They let go of Devonta Freeman this past offseason with Brian Hill, Qadree Ollison, and Ito Smith now filling in behind Gurley. All of those guys are respectable rotational backs, as they only accounted for 122 rushing attempts combined this past season. They will likely serve that role for most of their careers. However, those guys will be expected to take the bulk of carries to preserve Gurley for the most important downs and plays.
If the Falcons give Gurley 20-25 touches right out of the gate, his knee issues will inevitably return. If they split touches between the three other rotational backs and save Gurley for the most important down, they will be getting the fresh, prime 2017 Todd Gurley.
Robby Anderson, WR, Carolina Panthers (two years, 20 million)
The Carolina Panthers may have had one of the most productive offseasons in the NFL. They started by hiring then-Baylor head coach Matt Rhule to a 7-year deal and signing former Saints quarterback Teddy Bridgewater to a lucrative three-year deal. One underrated move that may have gotten lost in the shuffle was signing Anderson. At first glance, the deal seems at a reasonable price. Anderson only managed 52 receptions and 779 yards, average for a receiver. Those numbers appear appalling until you consider how horrendous the New York Jets offense was this year.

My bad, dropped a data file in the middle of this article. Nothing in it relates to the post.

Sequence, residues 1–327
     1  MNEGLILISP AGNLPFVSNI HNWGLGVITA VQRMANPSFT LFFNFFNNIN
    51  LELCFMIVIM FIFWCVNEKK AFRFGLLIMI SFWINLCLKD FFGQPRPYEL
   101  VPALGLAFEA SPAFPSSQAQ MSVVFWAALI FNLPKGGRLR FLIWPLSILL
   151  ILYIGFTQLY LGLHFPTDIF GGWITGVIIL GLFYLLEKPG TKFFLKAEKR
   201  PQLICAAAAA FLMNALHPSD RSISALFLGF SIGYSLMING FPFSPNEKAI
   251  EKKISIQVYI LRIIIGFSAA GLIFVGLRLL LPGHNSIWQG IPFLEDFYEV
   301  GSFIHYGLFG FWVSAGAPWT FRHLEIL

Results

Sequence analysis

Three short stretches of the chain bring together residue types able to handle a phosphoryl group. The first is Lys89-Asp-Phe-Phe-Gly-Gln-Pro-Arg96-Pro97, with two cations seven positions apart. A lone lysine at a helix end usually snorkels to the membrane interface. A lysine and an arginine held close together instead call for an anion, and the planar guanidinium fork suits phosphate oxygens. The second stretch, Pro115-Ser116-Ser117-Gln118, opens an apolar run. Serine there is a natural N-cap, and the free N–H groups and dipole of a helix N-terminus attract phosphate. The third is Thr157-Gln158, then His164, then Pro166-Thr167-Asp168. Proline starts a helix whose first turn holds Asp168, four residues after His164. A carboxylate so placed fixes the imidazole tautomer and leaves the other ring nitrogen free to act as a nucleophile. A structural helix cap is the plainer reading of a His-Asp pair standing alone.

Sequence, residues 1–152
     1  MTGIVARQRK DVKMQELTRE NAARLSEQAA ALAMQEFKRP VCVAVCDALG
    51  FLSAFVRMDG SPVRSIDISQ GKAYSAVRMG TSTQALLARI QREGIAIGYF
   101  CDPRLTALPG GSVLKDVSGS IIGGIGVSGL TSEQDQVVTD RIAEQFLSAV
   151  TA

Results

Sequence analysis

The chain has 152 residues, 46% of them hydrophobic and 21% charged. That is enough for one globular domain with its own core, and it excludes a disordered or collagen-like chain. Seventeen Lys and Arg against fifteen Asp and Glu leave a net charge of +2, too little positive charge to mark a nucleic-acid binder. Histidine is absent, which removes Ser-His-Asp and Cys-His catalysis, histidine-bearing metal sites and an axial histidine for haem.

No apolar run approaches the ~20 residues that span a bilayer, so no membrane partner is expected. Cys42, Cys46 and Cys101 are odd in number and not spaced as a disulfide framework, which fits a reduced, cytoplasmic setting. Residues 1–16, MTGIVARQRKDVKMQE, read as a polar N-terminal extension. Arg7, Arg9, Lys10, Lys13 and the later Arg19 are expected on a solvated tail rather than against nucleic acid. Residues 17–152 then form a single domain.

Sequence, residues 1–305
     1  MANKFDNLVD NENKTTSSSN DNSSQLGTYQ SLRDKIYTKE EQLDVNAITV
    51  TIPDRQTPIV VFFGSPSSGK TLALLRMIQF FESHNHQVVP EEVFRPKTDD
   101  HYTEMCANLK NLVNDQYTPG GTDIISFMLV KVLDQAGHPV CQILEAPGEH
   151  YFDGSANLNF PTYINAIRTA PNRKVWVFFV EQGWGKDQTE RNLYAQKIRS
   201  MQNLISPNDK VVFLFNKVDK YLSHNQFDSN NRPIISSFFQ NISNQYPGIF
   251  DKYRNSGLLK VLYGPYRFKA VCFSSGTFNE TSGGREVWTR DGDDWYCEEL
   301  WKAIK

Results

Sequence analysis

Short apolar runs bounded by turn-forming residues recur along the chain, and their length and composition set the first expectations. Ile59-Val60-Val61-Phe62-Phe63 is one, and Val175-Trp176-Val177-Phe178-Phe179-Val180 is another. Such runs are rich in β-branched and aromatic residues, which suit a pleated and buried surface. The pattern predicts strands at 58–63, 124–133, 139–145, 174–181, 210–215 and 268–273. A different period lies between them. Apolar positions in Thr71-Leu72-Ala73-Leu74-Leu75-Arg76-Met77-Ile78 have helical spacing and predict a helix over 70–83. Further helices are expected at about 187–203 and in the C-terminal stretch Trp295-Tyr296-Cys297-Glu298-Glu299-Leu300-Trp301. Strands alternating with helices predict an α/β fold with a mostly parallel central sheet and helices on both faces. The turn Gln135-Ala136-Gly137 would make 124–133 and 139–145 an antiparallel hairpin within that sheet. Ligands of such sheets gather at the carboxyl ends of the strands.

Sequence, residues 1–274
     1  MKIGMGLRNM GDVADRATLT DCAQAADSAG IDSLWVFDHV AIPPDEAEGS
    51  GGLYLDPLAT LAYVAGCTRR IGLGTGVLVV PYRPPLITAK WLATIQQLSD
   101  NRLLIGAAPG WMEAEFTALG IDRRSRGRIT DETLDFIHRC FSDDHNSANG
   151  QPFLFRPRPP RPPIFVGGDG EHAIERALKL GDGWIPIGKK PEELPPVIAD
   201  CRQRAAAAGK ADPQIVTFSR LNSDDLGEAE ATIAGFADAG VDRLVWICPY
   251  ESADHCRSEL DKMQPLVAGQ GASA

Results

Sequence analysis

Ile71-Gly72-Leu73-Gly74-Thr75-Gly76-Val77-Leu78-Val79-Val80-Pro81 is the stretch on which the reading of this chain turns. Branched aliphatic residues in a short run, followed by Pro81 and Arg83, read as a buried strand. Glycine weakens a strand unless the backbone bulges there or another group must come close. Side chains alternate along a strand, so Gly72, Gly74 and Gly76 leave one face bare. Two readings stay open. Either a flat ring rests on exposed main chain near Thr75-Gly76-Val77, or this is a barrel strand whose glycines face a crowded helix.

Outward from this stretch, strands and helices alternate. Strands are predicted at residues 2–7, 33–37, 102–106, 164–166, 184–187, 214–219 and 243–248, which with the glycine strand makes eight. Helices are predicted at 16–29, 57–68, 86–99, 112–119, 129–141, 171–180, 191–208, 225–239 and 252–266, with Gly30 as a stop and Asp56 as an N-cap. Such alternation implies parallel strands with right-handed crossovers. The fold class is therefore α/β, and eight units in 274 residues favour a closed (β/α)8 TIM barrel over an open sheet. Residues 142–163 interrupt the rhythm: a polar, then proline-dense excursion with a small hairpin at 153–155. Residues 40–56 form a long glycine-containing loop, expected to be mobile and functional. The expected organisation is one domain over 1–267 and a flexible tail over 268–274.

The Jets ranked 31st in the league in points scored, which was the worst mark in the franchise’s history. They also ranked 28th in total offensive plays. This meant that whatever volume Anderson did get was limited compared to other receivers around the league. In addition, Anderson dealt with poor quarterback play from Sam Darnold. Darnold severely underwhelmed in his second year in the league with a porous 19-13 touchdown to interception ratio.
The Panthers run a much more competent offense than the Jets. Their focal point is clear in superstar running back Christian McCaffery. Their new quarterback, Bridgewater, has already proven himself as well. He stepped in flawlessly as the Saints starting quarterback when Drew Brees went down to injury this past year. Anderson also won’t be keyed in on by opposing teams defenses on a week to week basis. This is because he will be flanked by emerging star DJ Moore and McCaffery out of the backfield. Anderson can then match up in single coverage more often and turn in a productive season for the Panthers. 10 million a year appears fair based on the stats alone, but an improved situation means Anderson will likely turn this contract into a steal.